Thursday, March 19, 2009

Patience with Teaching

Children are extremely sensitive. Not only are they affected by how we treat them, but they can detect real sincerity. I have found as I work with my daughters, if I am not really enjoying working with them (just pretending to have a good attitude) they can instantly sense it. They don't work as well. It's incredible how they can figure out sincerity! Maybe it is because they are so genuine themselves.

As I was working with my daughter with reading, we were reviewing some words she had read the previous day. She kept on making mistake after mistake. I started getting frustrated thinking I had spent so much time with her on these words and now she did not even know them. As our reading time continued, her reading became worse and worse. We ended with both of us feeling frustrated.

In my mind, I remembered a story shared by Shinichi Suzuki in his book Ability Development from Age Zero. He shared the following:

Here is another case which shows that happiness develops ability.

There was one child in my family with a learning disability. His mother scolded him very much when he was six. She said that he would not remember what she taught him. For some reason he could not remember the numbers from one to ten. "Why don't you understand? This is four and this is seven!" she scolded harshly as I watched.

"It will not do any good to scold him, " I warned. After some observation, I realized that four and seven were numbers that the child was scolded about and therefore he could not look at them clearly.

"Hey, come and play with your uncle," I called.

Then I made dice out of paper and on the faces I wrote only fours and sevens.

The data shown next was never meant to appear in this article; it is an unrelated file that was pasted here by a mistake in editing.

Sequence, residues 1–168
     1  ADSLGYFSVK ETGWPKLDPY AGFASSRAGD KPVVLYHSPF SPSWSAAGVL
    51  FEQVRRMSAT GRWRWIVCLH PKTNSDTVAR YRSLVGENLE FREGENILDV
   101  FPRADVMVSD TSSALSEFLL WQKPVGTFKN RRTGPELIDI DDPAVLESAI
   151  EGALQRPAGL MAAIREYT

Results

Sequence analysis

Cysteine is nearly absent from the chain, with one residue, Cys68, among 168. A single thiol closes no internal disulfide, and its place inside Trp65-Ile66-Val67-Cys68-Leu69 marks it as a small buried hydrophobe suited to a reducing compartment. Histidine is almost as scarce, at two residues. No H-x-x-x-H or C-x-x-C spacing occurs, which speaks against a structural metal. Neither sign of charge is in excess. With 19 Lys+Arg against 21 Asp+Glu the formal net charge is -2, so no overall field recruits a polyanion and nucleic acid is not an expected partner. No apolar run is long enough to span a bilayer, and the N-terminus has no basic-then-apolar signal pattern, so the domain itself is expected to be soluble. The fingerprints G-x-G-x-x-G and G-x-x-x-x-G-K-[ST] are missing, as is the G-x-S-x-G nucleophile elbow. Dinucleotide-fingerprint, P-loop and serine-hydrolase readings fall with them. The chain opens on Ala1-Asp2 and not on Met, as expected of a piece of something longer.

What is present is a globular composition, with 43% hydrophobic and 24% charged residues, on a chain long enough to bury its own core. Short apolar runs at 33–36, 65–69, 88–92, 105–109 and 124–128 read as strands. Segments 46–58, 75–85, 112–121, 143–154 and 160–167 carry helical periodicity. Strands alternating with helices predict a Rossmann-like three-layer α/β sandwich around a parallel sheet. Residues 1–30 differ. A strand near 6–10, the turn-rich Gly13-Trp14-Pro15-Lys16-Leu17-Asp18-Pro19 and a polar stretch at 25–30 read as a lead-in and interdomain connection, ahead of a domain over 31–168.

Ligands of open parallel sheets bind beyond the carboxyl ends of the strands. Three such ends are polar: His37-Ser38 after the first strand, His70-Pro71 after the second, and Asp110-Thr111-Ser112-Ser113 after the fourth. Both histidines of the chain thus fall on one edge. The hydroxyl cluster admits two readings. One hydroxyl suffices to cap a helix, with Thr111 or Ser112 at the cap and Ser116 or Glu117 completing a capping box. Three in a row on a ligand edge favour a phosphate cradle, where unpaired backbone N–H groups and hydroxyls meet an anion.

"Let's play dice," I said, and we started to throw. A four was thrown.

"Four! I said it first. I win, " I said. Again a four was thrown.

"Four! I won again." At this point the little boy was determined to try harder. Again a four was thrown and together we said, "Four!"

"Hey, you said it too!" I praised. His eyes began to sparkle. The game continued with both fours and sevens being thrown. Sometimes I said the answer slowly. Sometime I pretended that I did not know the answer and let the boy win Sometimes I said the wrong one and the boy made no mistake. In this way four and seven became his favorite numbers in a mere ten minutes.

I had the mother write the numbers from one to ten and have the child read them. He said four and seven the quickest and in the loudest voice. These numbers had become the most well known and fun numbers.

The problem is how to combine interest and training. If a child is always scolded about four and seven, his ability will not grow. Even if a parent overflowing with love for a child uses a bad method, the ability of the child will not develop.

Suzuki, Shinichi. Ability Development From Age Zero. Tr. Mary Louise Nagata. Secaucus, New Jersey: Summy-Birchard Inc., 1981.

Isn't this so true! When I am scolded about something that I fail at or someone tells me I can't do something, I can't seem to think clearly when I try to do it again. Now every time, I start getting frustrated with my daughter. I stop and tell myself that getting frustrated will only have the opposite effect of what I want. It will only slow her progress. If I am patient and genuinely happy working with her, she will learn at her own speed. I also love how Suzuki takes the skill and breaks it down to a more simple level. I have also tried doing this. It has been incredible to see the difference this had made!

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